Roughly nine months after launch, Apple (NASDAQ:AAPL) is now reportedly looking to mix up its strategy for Apple Arcade. The subscription mobile gaming service costs just $5 per month and includes a catalog of premium games that forgoes ads or in-app purchases. The offering is part of the company's broader push to grow its services segment, which is finally starting to see paid subscription growth accelerate.

Apple has never disclosed how many Apple Arcade subscribers it has, but the strategic pivot could imply that retention is weak.

Apple Arcade game displayed on an iPhone 11

Image source: Apple.

Apple wants users hooked

This week, Bloomberg reported that Apple is now trying to focus on games that have higher levels of engagement. Generally speaking, many mobile games tend to cater to casual gamers, but those types of users may not stick around after the free trial and start paying $5 per month. Some users have started receiving email offers for a second free trial month, suggesting that a lot of users are canceling without renewing.

Apple has now canceled development of numerous titles that third-party studios had been working on, according to the report. The Cupertino tech giant is paying out cash to those developers for milestones that have already been achieved but now those small companies are scrambling to mitigate the financial impacts, particularly as the COVID-19 pandemic continues to wreak havoc on the global economy and create massive macroeconomic uncertainty across many industries.

Apple reportedly pointed to Grindstone, developed by Capybara Games, as an example of the type of engaging game it's looking for. The puzzle game was released in October to critical praise and hooks users with an addictive gameplay loop that spans multiple levels. However, Grindstone isn't quite the blockbuster hit that Apple is looking for to drive subscriber renewals.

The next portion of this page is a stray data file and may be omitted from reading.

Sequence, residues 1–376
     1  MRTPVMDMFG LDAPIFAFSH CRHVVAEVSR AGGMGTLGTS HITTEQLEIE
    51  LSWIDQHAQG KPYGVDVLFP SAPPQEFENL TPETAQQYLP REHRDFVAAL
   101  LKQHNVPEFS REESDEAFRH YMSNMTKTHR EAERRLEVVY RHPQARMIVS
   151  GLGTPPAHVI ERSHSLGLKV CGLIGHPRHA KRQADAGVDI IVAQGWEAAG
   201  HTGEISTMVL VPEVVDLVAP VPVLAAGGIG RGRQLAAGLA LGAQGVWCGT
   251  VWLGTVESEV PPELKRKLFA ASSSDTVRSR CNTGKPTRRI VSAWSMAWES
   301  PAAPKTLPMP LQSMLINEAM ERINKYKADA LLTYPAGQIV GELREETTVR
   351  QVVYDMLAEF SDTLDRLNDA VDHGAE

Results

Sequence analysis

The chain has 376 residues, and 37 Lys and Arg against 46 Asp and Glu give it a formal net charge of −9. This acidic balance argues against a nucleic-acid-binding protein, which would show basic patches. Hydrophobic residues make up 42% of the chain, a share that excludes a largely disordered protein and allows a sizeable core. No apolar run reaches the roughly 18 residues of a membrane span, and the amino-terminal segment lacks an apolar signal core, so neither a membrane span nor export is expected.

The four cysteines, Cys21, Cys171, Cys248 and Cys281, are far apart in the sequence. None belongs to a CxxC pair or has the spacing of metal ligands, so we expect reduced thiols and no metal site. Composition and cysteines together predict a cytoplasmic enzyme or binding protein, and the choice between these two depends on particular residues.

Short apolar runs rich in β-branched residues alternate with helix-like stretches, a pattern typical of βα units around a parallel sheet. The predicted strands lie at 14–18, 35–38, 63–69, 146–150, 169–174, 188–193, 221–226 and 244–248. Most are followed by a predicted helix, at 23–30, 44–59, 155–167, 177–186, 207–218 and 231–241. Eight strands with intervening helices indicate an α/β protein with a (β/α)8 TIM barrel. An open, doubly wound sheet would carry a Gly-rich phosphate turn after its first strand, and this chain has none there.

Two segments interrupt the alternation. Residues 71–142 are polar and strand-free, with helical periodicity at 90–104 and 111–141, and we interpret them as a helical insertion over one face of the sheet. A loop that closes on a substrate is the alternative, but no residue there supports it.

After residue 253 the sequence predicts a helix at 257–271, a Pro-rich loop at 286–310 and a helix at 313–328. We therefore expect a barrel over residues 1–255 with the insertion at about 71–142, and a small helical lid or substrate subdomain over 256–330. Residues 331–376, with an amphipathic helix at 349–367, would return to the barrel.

The iPhone maker has allocated "tens of million dollars" to funding the service, according to the report, which is far less than the $500 million budget that was previously rumored. While the exact size of Apple Arcade's budget is unclear, the company clearly needs to grow the subscriber base while minimizing churn to recoup those costs. Apple also offers a discounted annual subscription option as part of its efforts to encourage long-term subscriptions.

The road to 600 million

Arcade is one of a handful of new first-party services that Apple has launched over the past year as it seeks to grow a recurring revenue base with paid subscriptions, which reached 515 million last quarter. The company is aiming to hit 600 million paid subscriptions by the end of 2020, which should be easily achievable based on the 30 million to 35 million paid subscriptions that Apple adds every quarter.

Services is now a $50 billion business in terms of trailing-12-month (TTM) revenue, but antitrust scrutiny surrounding the App Store continues to intensify, and it could threaten that momentum.